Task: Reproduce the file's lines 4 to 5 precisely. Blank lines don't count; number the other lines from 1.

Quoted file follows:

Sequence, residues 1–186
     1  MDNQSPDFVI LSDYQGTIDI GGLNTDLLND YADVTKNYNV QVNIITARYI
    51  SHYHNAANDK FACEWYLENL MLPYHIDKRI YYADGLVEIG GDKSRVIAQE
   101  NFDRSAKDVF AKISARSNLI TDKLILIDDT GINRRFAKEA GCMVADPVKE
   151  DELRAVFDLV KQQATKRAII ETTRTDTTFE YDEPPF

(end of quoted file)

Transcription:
   101  NFDRSAKDVF AKISARSNLI TDKLILIDDT GINRRFAKEA GCMVADPVKE
   151  DELRAVFDLV KQQATKRAII ETTRTDTTFE YDEPPF